1838 (dated) 14.5 x 12 in (36.83 x 30.48 cm)
1 : 24000000
This Bradford 1841 map of North America includes the United States, British Territory (Canada), Russian America (Alaska), Mexico, and Texas as a Republic. Central America, the West Indies, and Greenland are also labeled. This map has several intriguing qualities. One is that Texas is depicted as the Republic of Texas, which existed from 1836 to 1846.
The Republic of Texas came into existence after Texas declared independence from Mexico, because the Texans believed that the Mexican government was no longer following the constitution. Following the Texan victory at San Jacinto, and surrender treaties were signed, Texas claimed the Rio Grande River as their southern border. These treaties were never ratified by Mexico and the Mexicans disputed the southern border, stating that it was not the Rio Grande, but the Nueces River that created the boundary between the two nations. Intermittent hostilities continued until Texas was admitted into the United States in 1846. The U.S. inherited the border dispute, which had not been satisfied, and the dispute became one of the reasons for the Mexican-American War. Both the Rio Grande and Nueces Rivers are labeled on this map, and the coloring of Texas and Mexico clearly shows the fluidity of the border situation.
Another intriguing attribute of this map is that the Pacific Northwest border of the United States is not depicted at the 49th parallel, which is the contemporary border between the United States and Canada, but rather at the parallel 5440' north, which was the border with Russian America and well into modern day British Columbia. The Oregon Question was disputed for decades between the United States and Great Britain. The basis for the dispute was mostly economic. The fur trade in the Pacific Northwest at this point in history was booming, which meant that both British and American companies and citizens wanted access to this area. American interest also came back to the concept of Manifest Destiny and the Westward Expansion. Although the border was set at the 49th parallel by 1846, the crisis was not fully resolved until 1872. It is apparent that this map was produced in the United States because American territory (shaded in pink) extends to the parallel 5440' north.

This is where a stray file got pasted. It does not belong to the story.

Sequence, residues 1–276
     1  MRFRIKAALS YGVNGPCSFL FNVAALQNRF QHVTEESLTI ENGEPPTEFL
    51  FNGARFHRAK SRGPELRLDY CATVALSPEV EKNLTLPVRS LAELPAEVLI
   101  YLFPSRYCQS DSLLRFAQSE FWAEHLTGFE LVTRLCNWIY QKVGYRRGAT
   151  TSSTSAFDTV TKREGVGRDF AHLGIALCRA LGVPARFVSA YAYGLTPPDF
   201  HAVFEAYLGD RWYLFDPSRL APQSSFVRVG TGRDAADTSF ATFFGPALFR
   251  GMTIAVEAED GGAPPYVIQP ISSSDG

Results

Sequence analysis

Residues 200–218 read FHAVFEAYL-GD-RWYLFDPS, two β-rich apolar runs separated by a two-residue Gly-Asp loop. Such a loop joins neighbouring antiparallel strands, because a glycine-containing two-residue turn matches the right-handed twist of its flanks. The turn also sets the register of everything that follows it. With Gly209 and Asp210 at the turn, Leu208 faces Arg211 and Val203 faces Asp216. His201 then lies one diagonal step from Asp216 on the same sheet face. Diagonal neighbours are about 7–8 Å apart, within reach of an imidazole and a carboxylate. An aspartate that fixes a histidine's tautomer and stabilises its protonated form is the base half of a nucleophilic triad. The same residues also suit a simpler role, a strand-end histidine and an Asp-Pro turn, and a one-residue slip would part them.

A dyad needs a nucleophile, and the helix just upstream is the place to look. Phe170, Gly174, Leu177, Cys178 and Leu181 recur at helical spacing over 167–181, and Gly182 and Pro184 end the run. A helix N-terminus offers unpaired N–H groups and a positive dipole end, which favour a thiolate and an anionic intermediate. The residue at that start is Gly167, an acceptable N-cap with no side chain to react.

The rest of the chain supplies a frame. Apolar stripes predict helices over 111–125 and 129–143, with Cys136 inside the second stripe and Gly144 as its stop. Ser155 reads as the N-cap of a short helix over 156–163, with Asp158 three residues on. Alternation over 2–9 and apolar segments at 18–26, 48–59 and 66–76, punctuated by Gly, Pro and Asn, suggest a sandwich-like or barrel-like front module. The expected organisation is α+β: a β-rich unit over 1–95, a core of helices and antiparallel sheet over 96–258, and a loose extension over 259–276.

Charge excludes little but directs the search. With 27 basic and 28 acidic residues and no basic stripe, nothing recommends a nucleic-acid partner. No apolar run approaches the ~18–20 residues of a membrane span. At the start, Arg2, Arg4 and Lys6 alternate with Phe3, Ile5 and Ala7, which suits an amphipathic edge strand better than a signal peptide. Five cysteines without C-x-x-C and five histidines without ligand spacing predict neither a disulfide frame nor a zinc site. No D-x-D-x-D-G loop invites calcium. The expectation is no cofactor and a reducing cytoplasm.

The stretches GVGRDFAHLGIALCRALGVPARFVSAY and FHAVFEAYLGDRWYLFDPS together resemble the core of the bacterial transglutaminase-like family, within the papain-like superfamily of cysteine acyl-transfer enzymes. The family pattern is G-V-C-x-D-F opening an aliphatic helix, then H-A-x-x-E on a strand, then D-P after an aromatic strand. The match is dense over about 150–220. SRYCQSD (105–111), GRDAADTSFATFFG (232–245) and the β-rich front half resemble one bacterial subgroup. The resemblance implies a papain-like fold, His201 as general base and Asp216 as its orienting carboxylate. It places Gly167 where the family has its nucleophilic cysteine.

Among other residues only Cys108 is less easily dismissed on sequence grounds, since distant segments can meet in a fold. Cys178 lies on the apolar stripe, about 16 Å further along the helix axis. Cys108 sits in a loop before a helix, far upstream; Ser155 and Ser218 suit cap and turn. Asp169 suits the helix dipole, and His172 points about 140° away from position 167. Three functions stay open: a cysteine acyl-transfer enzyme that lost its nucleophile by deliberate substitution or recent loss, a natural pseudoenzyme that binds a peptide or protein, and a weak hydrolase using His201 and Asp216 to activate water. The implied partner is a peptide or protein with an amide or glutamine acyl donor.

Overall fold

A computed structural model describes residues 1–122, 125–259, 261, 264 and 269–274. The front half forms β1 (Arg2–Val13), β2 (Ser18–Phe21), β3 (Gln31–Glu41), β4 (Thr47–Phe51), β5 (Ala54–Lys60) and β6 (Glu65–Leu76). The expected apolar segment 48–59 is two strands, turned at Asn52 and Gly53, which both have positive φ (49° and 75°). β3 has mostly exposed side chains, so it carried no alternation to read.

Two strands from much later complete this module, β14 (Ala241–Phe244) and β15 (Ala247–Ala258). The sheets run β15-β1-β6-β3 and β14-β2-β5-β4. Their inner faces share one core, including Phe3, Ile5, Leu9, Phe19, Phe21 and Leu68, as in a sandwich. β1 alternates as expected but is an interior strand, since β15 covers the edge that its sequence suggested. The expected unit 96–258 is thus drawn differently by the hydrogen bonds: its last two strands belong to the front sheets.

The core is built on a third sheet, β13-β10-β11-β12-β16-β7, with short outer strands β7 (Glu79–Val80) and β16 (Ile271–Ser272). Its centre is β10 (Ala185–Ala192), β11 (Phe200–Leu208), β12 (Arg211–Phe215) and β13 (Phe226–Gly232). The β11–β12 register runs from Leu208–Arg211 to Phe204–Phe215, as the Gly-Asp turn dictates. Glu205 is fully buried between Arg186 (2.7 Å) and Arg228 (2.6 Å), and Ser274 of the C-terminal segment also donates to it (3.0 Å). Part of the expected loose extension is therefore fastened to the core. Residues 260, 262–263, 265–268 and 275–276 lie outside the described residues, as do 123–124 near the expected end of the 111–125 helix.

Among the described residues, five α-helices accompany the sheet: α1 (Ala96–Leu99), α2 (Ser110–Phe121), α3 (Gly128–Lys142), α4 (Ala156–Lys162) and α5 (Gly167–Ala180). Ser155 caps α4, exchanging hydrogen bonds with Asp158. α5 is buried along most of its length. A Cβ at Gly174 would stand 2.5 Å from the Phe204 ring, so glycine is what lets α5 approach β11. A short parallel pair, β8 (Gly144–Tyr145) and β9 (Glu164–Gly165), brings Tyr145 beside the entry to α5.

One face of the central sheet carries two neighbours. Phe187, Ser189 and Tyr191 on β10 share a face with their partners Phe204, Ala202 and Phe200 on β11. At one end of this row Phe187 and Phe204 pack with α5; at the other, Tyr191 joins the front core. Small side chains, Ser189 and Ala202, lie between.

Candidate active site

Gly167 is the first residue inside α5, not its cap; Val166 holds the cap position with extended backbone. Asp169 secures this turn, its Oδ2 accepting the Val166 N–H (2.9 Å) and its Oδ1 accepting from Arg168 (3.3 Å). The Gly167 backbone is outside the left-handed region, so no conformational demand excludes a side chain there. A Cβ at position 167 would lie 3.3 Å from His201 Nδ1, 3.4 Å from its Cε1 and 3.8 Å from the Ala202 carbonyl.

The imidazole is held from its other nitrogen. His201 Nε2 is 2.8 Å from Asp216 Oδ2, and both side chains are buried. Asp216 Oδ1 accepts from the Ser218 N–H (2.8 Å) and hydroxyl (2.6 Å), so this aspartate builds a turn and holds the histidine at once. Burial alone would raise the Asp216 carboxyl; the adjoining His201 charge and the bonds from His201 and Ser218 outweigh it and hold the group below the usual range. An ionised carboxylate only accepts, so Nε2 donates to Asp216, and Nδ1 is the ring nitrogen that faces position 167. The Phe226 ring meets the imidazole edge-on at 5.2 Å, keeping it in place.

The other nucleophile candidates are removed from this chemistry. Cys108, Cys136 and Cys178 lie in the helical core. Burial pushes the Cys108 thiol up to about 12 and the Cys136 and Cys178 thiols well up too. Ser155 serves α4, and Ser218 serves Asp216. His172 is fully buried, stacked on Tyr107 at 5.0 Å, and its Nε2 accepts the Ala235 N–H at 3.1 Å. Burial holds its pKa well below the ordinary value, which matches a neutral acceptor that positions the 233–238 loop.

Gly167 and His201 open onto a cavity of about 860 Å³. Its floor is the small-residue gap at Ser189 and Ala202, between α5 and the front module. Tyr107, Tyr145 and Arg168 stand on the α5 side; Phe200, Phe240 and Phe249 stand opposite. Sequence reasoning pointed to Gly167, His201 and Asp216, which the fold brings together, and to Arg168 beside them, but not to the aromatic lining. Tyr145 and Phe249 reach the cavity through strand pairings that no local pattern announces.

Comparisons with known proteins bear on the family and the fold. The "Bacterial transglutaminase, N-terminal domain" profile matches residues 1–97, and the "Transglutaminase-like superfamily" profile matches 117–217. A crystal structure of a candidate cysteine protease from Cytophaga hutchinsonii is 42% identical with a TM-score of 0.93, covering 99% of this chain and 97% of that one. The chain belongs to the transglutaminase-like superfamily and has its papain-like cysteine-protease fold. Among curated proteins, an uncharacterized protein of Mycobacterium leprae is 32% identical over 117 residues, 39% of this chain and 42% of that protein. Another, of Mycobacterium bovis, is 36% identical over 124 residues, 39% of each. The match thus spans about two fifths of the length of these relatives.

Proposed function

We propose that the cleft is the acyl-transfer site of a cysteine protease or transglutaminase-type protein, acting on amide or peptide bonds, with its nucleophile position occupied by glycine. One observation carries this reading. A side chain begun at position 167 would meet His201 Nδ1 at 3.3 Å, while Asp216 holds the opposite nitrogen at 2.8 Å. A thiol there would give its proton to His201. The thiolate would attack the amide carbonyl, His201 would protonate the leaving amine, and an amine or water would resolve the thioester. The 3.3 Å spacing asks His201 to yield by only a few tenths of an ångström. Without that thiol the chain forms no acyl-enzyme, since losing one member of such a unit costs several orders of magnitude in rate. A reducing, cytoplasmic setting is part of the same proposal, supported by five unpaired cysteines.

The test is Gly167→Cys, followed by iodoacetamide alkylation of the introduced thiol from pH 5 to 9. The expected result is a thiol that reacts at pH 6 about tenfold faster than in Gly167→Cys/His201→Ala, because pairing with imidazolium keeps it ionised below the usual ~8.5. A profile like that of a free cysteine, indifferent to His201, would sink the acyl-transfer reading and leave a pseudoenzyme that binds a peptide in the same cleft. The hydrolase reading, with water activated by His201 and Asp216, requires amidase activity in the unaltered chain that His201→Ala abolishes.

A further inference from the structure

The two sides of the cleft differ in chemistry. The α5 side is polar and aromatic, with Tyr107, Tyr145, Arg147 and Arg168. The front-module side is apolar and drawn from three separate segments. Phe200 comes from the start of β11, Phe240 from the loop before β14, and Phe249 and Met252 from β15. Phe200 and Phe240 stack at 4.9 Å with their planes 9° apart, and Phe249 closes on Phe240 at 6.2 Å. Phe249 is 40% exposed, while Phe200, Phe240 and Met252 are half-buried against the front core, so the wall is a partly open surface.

This map was engraved by George Washington Boynton for publication in Thomas G. Bradford’s 1841 edition of A General Atlas of the World. This map is dated and copyrighted 1838, but based on our knowledge of the publication history of Bradford's atlas, it is most likely the 1841 edition.
Thomas Gamaliel Bradford (1802 - 1887) was born in Boston, Massachusetts, where he worked as an assistant editor for the Encyclopedia Americana. Bradford's first major cartographic work was his revision and subsequent republishing of an important French geography by Adrian Balbi, Abrege de Geographie published in America as Atlas Designed to Illustrate the Abridgment of Universal Geography, Modern and Ancient. Afterwards Bradford revised and expanded this work into his own important contributions to American cartography, the 1838 An Illustrated Atlas Geographical, Statistical and Historical of the United States and Adjacent Countries. Bradford's cartographic work is significant as among the first to record Texas as an independent nation. In his long career as a map publisher Bradford worked with William Davis Ticknor of Boston, Freeman Hunt of New York, Charles De Silver of Philadelphia, John Hinton, George Washington Boynton, and others. We have been able to discover little of Bradford's personal life.
George Washington Boynton (fl. c. 1830 - 1850) was a Boston based cartographer and map engraver active in the first half of the 19th century. Boynton engraved and compiled maps for numerous publishers including Thomas Bradford, Nathaniel Dearborn, Daniel Adams, and S. G. Goodrich. His most significant work is most likely his engraving of various maps for Bradford's National Atlas. He also engraved for the Boston Almanac. In 1835 Boynton is listed as an employee of the Boston Bewick Company, an engraving, stereotype, and printing concern based at no. 47 Court Street, Boston. Little else is known of his life.
Bradford, T.G., A General Atlas of the World, with a Separate Map of each of The United States of America, 1841.
Very good. Blank on verso. Slight toning.
OCLC 779231330. Rumsey 4453.003. Philips (Atlases) 6092-4.